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Education Technology

The Whole Story Behind Low AP CS Exam Stats 325

Posted by samzenpus
from the low-expectations dept.
theodp writes "At first glance, the headline in The Salt Lake Tribune — Very Few Utah Girls, Minorities Take Computer Science AP Tests — appears to be pretty alarming. As does the headline No Girls, Blacks, or Hispanics Take AP Computer Science Exam in Some States over at Education Week. Not One Girl Took The AP Computer Science Test In Some States warns a Business Insider headline. And so on and so on and so on. So how could one quibble with tech-giant backed Code.org's decision to pay teachers a $250 "Female Student Bonus", or Google's declaration that 'the ultimate goal of CS First is to provide proven teaching materials, screencasts, and curricula for after-school programs that will ignite the interest and confidence of underrepresented minorities and girls in CS,' right? But the thing is, CollegeBoard AP CS exam records indicate that no Wyoming students at all took an AP CS exam (xls) in 2013, and only a total of 103 Utah students (xls) had reported scores. Let's not forget about the girls and underrepresented minorities, but since AP CS Exam Stats are being spun as a measure of CS education participation (pdf) and equity, let's not forget that pretty much everyone has been underrepresented if we look at the big AP CS picture. If only 29,555 AP CS scores were reported (xls) in 2013 for a HS population of about 16 million students, shouldn't the goal at this stage of the game really be CS education for all?"
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The Whole Story Behind Low AP CS Exam Stats

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  • by Anonymous Coward on Monday January 20, 2014 @09:49AM (#46013189)

    I took AP Computer Science AB exam in either 1995 or 1996. It was given in PASCAL. Though I did very well on it, by the time I was Freshman in college (in 1998), all it qualified me to do was take a 1-credit "C for PASCAL programmers" course. According to Wikipedia, some version of the AP CS exam has been given since 1984.

  • Re:the real reason (Score:5, Informative)

    by bluegutang (2814641) on Monday January 20, 2014 @09:54AM (#46013251)

    Almost no colleges offer credit for taking AP tests regardless of score so high schoolers have absolutely no reason whatsoever to take those tests.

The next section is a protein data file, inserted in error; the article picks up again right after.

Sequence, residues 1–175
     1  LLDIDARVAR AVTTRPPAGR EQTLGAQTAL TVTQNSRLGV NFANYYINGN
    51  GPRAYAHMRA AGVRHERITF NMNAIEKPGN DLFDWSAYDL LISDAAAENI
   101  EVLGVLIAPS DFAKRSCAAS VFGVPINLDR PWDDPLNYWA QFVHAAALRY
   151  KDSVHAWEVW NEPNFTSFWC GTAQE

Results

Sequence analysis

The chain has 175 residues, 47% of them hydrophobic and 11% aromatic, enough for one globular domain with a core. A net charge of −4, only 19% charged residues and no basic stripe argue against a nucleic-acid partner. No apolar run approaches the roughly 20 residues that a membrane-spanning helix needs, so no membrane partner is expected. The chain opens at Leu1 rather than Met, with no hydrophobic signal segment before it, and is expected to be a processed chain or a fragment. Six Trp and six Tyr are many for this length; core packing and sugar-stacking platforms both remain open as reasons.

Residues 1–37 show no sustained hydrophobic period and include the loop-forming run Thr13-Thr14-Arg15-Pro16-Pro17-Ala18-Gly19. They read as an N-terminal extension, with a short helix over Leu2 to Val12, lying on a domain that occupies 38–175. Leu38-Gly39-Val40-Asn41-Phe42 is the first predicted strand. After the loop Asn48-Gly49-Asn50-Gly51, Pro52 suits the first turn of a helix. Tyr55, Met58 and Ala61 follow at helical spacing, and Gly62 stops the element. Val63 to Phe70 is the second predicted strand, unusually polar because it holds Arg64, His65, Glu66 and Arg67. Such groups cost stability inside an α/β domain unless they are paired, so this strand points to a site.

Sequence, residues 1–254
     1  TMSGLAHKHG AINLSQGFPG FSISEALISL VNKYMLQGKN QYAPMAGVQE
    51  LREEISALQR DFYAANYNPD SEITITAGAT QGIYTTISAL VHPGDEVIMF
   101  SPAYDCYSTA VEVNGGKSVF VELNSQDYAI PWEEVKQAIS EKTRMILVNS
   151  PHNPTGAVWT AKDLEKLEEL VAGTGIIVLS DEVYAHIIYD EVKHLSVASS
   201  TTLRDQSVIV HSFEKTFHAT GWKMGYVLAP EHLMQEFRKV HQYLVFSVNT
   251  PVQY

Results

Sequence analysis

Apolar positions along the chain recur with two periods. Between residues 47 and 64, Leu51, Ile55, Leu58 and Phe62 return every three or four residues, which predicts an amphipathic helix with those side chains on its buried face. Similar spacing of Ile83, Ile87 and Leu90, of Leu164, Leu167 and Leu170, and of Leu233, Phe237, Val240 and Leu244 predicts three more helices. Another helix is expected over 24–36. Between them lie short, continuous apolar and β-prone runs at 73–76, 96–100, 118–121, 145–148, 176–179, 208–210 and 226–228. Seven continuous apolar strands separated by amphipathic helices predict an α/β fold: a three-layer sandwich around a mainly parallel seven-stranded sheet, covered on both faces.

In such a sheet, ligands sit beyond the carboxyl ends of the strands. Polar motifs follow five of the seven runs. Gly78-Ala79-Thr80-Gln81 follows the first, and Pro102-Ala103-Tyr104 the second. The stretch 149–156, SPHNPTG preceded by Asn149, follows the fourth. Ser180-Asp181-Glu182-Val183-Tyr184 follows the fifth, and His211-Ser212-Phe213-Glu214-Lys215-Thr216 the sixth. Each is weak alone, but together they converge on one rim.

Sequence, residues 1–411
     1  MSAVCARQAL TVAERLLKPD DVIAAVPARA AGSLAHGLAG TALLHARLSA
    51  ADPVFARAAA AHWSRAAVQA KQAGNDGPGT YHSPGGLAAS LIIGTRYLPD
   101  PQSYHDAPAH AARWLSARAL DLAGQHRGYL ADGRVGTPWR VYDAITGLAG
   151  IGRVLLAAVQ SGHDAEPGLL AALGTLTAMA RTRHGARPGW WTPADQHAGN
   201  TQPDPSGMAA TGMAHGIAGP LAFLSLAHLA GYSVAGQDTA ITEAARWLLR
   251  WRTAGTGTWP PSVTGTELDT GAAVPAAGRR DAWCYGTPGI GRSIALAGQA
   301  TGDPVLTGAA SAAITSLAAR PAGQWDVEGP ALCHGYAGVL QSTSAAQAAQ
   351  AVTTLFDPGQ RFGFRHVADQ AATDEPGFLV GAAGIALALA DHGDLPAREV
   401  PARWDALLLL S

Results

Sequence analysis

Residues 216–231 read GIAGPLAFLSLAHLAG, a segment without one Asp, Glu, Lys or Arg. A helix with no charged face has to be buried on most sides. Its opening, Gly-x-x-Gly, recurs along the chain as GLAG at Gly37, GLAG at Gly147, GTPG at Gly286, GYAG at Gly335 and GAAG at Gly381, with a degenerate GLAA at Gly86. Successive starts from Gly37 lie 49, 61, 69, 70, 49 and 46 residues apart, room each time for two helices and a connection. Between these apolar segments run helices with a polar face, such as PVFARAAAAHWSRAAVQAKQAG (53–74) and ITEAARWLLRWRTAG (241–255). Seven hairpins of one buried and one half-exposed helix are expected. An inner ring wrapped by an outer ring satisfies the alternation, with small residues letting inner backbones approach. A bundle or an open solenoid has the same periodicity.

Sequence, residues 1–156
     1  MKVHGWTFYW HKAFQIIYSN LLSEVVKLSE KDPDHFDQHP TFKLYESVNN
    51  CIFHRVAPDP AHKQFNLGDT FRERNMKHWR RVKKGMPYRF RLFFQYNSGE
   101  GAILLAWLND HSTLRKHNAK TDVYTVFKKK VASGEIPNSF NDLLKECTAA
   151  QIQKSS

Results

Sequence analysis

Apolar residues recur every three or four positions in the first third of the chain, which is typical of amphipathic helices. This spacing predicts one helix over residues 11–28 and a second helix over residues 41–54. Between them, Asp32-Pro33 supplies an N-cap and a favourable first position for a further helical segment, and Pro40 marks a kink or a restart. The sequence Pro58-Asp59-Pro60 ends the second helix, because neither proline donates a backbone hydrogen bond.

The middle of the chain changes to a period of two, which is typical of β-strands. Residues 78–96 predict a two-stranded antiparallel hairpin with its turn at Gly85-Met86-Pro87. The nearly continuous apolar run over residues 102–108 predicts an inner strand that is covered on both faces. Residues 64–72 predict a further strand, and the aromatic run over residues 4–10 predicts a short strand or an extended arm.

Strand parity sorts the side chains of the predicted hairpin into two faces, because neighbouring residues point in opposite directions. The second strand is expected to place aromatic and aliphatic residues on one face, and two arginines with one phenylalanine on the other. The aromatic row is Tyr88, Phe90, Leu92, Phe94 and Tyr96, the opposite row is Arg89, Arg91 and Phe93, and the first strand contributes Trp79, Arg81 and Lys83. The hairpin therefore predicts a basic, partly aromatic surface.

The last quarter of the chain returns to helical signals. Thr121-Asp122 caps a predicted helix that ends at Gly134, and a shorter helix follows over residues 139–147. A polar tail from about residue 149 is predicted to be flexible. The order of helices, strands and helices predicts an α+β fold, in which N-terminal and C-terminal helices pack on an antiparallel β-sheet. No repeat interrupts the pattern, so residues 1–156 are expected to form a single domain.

That's completely false. Here are AP credit policies for a couple top universities. The first two I checked, as a matter of fact. Both give credit for most AP exams, both in terms of class placement, and in credits for graduation.

    http://apo.fas.harvard.edu/icb/icb.do?keyword=k73580&pageid=icb.page388448&pageContentId=icb.pagecontent1194786&view=view.do&viewParam_name=asgeninfo.html [harvard.edu]
    http://admission.universityofcalifornia.edu/counselors/exam-credit/ap-credits/index.html [university...fornia.edu]

  • by sjbe (173966) on Monday January 20, 2014 @10:01AM (#46013323)

    Almost no colleges offer credit for taking AP tests regardless of score so high schoolers have absolutely no reason whatsoever to take those tests.

    That's not remotely true. Each college has their own policies on if/how they accept AP classes for college credit but many do give credit for AP courses. I coach about 20 high school students in a sport and about 2/3rds of them take at least some AP courses. (smart group of kids, average GPA is around 3.6) Quite a few colleges accept them if your score is high enough. Furthermore AP classes can be beneficial in getting certain scholarships even if they aren't accepted for credit.

    Oh and they typically charge money to take the tests as well.

    Many states and municipalities subsidize the cost of taking these exams. Even unsubsidized, the cost of the exams in 2013 was $89 which is hardly prohibitive for a lot of students. Nearly half a million students took the AP English exam in 2013.

  • You don't get it. (Score:5, Informative)

    by goodmanj (234846) on Monday January 20, 2014 @10:18AM (#46013529)

    I went to a large, fairly rural high school in a not-particularly-poor area. We had AP U.S. history and AP English. That's it.

    Many of you (especially those of you who read and write the New York Times) come from adequately-funded suburban schools, and while you've watched The Wire and think you know what urban schools are like, you have no idea how weak the educational programs at rural high schools are.

  • Re:So, whom to H8? (Score:5, Informative)

    by laie_techie (883464) on Monday January 20, 2014 @10:55AM (#46014035)

    Heh.

    REAL REASON ==> HS girls don't want to take a class filled with Slashdot types.

    REAL REASON #2 ==> AP Computer Science classes are mostly offered in the wealthy suburbs where few minorities live.

    REAL REASON #3 Very few high schools in the US offer AP classes in CS. My high school only had AP classes in English, History, and Mathematics. In fact, no school in my entire state offered AP classes in CS when I was a student.

  • Re:Alarming? (Score:4, Informative)

    by sfkaplan (1004665) on Monday January 20, 2014 @11:02AM (#46014181) Homepage

    Fact? Prove it.

    Here's a counter: In the mid-80's, women earned more than 1/3rd of the CS degrees. Have women changed and become less interested in

    Don't mistake the need to address the troubling demographics in CS with oversimplied assumptions that (for example) the numbers should all be perfectly proportional. I don't need the field to be 50% women, but that past evidence suggests that it should be at least 35%, as it once was.

God may be subtle, but he isn't plain mean. -- Albert Einstein

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